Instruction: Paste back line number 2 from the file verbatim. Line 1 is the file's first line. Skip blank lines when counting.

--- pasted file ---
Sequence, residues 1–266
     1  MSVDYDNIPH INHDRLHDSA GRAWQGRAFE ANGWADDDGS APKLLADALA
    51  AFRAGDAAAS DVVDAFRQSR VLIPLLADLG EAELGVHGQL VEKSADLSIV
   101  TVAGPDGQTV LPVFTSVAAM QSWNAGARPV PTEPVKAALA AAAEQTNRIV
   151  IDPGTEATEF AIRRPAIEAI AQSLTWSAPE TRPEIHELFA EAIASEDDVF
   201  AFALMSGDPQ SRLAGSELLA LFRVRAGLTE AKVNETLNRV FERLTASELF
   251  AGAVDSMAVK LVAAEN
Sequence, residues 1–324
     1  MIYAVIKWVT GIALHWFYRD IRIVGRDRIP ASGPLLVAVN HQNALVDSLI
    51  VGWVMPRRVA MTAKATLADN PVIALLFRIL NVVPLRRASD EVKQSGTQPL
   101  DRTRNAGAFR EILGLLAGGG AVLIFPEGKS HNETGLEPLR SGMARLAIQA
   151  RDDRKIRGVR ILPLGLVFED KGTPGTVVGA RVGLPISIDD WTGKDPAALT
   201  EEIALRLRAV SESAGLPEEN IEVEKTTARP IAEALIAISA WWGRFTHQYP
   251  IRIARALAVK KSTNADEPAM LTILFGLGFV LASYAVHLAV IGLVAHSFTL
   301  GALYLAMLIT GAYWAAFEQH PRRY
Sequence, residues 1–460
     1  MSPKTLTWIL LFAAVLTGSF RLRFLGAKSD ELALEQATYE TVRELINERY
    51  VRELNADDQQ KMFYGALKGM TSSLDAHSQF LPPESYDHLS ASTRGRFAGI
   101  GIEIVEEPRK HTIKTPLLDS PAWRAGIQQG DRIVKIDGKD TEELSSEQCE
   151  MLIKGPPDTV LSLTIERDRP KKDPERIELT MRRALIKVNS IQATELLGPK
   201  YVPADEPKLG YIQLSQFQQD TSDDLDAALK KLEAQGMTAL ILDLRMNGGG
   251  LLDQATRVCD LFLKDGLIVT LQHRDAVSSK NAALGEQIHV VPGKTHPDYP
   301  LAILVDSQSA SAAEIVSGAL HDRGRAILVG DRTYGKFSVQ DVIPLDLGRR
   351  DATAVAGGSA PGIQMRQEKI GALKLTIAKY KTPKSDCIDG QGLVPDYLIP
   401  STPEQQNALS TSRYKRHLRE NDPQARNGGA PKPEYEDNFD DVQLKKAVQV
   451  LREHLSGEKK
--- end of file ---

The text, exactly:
     1  MSVDYDNIPH INHDRLHDSA GRAWQGRAFE ANGWADDDGS APKLLADALA